Volume 2007 No. 1

Spring, 2007


AAUP Committee Reports

Junior Faculty Committee

Matthew Durington, Sociology, Anthropology, and Criminal Justice


 The AAUP Junior Faculty Committee (JFC) had a very successful year in continued dialogue over concerns of junior faculty with the Administration by sponsoring two information-sharing forums in the fall of 2006, one in the College of Liberal Arts and one in the Fischer College of Science and Mathematics.  With the departure of Provost Brennan in the spring semester of 2007 the planned activities of the committee took a bit of a detour for the spring semester, nevertheless we had a productive year and acting Provost Jim Clements has made a commitment to continue to meet with us next year.

 During the 2006-2007 academic year, the JFC addressed issues of concern between junior faculty and tenured faculty on campus, promotion and tenure for junior faculty, the topic of university reclassification, how to define faculty roles in the context of the metropolitan university, the role of junior faculty now and in the future at Towson, and the way by which service, teaching and scholarship are gauged during the pre-tenure years.  In seeking to bring clarity to the different layers of promotion and tenure evaluation (from the department level to the administration), the JFC engaged the former provost on the possibility of 3rd year reviews for junior faculty concurrent with the faculty Senate's discussion of this issue.

The AAUP Junior Faculty Committee is actively recruiting junior faculty to serve on the committee for the academic year 2007-2008.  Many first year faculty have agreed to sit on the committee next year, but any pre-tenured faculty are encouraged to join.  During the 2007-2008 academic year, the JCF will host two group meetings each semester for all junior faculty to discuss issues of interest.  At those meetings an agenda will be created for the JFC representatives to present during the once per semester meetings with the provost.  At the first of these meetings in the Fall 2007 JCF members will elect a representative group to meet with the provost.  The JCF seeks to have members sit on the committee for a two-year term to provide continuity on issues and mentor new faculty as they participate in promoting the needs of junior faculty to the Administration, while engaging in dialogue and serving as resources of information for the departments and colleges they represent.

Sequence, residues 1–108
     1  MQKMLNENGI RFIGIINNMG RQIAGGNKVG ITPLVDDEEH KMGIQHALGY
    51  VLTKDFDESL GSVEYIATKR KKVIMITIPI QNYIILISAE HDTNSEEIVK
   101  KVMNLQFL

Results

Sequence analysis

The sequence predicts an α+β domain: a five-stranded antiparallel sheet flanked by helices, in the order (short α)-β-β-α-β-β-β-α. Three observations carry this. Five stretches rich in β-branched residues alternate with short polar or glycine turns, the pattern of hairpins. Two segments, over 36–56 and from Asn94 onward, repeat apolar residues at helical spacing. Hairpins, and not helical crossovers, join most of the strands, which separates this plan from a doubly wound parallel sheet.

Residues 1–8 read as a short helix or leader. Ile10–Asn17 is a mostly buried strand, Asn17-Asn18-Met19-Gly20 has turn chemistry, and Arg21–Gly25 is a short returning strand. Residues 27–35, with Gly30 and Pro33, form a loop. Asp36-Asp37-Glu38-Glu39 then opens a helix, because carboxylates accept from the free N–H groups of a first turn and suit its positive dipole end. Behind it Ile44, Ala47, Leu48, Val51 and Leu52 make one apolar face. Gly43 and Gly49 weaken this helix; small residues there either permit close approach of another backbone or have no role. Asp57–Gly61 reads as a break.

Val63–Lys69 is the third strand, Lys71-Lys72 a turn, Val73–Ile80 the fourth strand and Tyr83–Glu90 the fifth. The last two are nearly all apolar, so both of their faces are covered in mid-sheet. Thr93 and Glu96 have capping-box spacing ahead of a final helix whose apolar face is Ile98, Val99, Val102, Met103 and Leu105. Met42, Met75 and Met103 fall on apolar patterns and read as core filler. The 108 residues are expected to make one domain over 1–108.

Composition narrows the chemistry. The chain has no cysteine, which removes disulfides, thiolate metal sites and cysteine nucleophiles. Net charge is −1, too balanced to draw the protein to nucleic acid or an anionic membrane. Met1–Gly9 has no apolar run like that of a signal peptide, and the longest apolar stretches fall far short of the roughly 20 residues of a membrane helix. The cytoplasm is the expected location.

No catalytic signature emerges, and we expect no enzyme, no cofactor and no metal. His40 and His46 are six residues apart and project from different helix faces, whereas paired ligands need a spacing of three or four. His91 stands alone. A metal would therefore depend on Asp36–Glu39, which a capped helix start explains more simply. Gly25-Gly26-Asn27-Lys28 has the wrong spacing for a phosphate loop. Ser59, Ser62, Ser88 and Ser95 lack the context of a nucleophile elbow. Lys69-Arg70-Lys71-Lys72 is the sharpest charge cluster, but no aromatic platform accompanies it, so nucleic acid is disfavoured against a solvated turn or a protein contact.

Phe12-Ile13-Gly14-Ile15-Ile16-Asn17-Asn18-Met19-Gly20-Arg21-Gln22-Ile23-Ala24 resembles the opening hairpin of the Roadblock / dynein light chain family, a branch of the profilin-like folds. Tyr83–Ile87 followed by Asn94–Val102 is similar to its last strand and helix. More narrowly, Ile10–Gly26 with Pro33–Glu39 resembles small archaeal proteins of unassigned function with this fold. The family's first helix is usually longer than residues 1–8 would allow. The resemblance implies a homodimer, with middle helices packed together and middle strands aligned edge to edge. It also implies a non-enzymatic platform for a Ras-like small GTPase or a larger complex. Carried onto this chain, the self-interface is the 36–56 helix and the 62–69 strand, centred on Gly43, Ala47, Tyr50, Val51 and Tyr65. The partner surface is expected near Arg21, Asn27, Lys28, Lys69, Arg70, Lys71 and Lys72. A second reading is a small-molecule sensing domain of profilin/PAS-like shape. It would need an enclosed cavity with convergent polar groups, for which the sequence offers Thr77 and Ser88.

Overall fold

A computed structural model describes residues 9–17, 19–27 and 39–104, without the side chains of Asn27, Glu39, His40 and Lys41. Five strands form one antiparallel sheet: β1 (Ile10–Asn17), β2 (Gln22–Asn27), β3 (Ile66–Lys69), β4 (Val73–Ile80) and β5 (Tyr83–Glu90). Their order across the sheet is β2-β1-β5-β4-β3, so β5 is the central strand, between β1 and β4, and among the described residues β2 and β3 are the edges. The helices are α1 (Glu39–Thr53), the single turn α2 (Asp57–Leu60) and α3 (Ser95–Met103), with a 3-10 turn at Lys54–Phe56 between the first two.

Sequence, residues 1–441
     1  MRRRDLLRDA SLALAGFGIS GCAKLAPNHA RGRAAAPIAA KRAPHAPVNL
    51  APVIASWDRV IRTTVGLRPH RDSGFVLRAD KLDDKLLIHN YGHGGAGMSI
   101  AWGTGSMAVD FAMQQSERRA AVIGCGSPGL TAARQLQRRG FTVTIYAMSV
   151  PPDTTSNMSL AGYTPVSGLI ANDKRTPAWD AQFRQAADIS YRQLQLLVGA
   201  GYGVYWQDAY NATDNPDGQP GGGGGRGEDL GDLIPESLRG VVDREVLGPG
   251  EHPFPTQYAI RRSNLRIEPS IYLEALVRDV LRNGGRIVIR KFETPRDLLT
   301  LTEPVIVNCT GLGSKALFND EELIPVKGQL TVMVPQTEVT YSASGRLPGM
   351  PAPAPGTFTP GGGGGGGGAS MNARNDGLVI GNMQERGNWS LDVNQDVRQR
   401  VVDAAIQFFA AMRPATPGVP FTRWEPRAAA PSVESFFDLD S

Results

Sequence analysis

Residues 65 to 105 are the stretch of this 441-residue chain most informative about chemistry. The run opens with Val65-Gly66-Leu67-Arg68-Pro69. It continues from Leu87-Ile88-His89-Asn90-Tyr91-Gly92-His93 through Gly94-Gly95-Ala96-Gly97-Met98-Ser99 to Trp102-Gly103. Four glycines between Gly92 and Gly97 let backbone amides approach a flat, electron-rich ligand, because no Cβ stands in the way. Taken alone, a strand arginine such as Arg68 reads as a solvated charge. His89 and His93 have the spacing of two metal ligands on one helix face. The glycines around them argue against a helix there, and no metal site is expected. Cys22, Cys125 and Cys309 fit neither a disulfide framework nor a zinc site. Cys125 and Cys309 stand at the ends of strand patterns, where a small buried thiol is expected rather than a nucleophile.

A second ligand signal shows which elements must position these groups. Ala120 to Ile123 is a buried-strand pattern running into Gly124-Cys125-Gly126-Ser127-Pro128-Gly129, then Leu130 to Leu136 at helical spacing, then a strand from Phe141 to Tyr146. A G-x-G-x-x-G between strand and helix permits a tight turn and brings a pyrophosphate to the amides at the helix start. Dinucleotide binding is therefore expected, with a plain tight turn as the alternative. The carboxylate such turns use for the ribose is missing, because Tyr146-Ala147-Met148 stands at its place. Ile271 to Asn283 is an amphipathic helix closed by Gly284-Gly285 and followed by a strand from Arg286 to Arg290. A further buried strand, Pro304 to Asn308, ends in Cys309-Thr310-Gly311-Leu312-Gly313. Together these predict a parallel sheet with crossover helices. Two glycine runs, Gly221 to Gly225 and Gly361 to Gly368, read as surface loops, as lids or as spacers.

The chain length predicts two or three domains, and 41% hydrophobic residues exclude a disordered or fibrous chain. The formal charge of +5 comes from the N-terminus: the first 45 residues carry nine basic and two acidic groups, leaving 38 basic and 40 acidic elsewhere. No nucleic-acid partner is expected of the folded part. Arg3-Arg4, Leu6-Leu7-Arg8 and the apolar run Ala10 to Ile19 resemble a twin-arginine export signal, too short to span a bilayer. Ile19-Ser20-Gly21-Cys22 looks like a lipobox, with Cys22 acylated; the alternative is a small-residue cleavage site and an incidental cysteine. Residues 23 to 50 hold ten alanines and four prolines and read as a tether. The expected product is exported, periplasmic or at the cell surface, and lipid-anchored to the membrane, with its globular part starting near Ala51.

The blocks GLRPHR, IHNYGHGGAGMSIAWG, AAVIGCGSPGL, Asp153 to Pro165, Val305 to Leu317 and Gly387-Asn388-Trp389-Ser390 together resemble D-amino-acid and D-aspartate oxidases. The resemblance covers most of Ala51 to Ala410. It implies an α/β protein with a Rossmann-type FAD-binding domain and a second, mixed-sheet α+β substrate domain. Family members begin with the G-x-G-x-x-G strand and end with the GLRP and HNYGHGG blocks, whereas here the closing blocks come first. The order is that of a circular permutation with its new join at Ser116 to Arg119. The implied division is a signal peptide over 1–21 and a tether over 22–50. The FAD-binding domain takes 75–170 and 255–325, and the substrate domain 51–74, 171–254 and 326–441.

Thanks to those who served on the AAUP Junior Faculty Committee for the academic year of 2006-2007 and all faculty, administrative staff, and administration who supported our efforts.  If you are interested in joining the AAUP Junior Faculty Committee for next year please contact Matthew Durington at mdurington@towson.edu


Grievance and Mediation Committee

Nicole Dombrowski Risser, History


The Grievance and Mediation Committee is a standing committee of the AAUP / Faculty Association.  It hears faculty allegations of grievances in all campus matters with the exception of those within the jurisdiction of the Promotions and Tenure Committees.  If the committee finds sufficient evidence of a grievance and is unable to resolve the dispute raised by a faculty member, it may recommend that the Faculty Hearing Committee conduct a full hearing, as provided by Senate regulations.

Faculty wishing to file grievances should first contact Professor John McLucas who will then send your grievance to our committee.


Committee W
Ayse Dayi, Women's Studies
, adayi@towson.edu